ROSEAU, Dominica, February 7, 2020 (CMC) – The Dominica government warned, today, that it was prepared to table “draconian” legislation, in a bid to recover more than EC$250 million in outstanding taxes.
Prime Minister, Roosevelt Skerrit, told a news conference that as of the end of December, last year, taxes, amounting to more than EC$257 million, were outstanding and urged defaulters to begin speaking with the Inland Revenue, by Ash Wednesday, February 26.
Skerrit, who is also Finance Minister, said in the case of corporation taxes, the outstanding amount owed, was EC$77.1 million; personal income tax — EC$66.2 million; pay-as-you-earn taxes amounted to EC$15.1 million; professional licence fees — EC$2.1 million; with value added tax (VAT) estimated at EC$73.9 million.
‘When you add all of the outstanding taxes owed to the state, I am talking about, as of the end of December, you talking about EC$257.9 million,” Skerrit said.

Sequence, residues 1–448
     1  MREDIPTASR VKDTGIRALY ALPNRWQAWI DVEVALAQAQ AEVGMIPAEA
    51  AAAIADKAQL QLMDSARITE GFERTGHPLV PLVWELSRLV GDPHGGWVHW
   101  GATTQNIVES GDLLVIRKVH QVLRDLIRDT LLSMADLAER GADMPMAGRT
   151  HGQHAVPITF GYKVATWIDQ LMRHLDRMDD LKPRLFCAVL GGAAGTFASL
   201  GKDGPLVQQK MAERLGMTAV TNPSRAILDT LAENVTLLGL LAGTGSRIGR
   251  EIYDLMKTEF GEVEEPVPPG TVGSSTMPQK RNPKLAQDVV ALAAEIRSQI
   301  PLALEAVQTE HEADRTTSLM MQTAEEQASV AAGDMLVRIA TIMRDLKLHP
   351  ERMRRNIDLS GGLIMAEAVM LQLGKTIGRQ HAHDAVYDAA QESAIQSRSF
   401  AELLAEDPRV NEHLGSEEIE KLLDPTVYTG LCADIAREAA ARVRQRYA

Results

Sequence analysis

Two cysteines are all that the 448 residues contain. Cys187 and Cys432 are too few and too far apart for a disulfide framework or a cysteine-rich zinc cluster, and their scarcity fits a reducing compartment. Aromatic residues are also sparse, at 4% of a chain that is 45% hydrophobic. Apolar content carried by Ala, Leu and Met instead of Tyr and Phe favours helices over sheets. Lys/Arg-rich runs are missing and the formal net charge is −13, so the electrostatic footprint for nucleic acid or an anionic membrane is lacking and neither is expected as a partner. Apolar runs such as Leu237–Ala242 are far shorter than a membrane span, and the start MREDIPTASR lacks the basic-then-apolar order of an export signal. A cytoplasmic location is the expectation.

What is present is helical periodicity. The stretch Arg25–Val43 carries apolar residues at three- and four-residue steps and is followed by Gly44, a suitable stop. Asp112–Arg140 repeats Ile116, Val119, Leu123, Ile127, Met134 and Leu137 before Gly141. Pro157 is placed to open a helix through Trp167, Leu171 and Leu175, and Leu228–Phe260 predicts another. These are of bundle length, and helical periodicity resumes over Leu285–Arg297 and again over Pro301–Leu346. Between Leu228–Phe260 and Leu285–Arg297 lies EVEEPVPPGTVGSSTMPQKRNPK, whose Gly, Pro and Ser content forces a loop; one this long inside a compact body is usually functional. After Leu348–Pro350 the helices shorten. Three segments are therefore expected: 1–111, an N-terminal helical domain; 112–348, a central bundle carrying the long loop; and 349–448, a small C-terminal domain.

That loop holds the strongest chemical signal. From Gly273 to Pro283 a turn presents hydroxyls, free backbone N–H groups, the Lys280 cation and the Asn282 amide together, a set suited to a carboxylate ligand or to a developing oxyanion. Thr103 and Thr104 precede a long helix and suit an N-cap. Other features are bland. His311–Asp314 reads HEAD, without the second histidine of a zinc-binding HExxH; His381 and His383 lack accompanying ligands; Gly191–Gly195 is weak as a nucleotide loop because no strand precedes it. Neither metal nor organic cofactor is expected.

Prime Minister Skerrit said that among the measures his administration is contemplating, to recover the outstanding fees, include legislation.
“I am urging those hearing my voice, that you need to go to the Inland Revenue, as quickly as possible, and engage them in discussions, and also to the Comptroller of Customs and engage them in discussions on that which you owe to the state, so that we can find a way of you remitting to the state, at the quickest opportunity.
“Failing which, I will be left with no choice but to go to the Parliament and to pass the appropriate legislation, to give the state far-reaching powers to collect that which you owe to the state,” Skerrit said, adding “I am saying to you, that legislation would be draconian in nature”.
He said Dominicans must stop believing that only the government must be responsible and accountable and transparent in its operations.
He said the funds were needed, given the destruction caused to the island, by the passage of Hurricane Maria, three years ago, and the fact that Dominica has been seeking assistance from friendly governments to meet its obligations.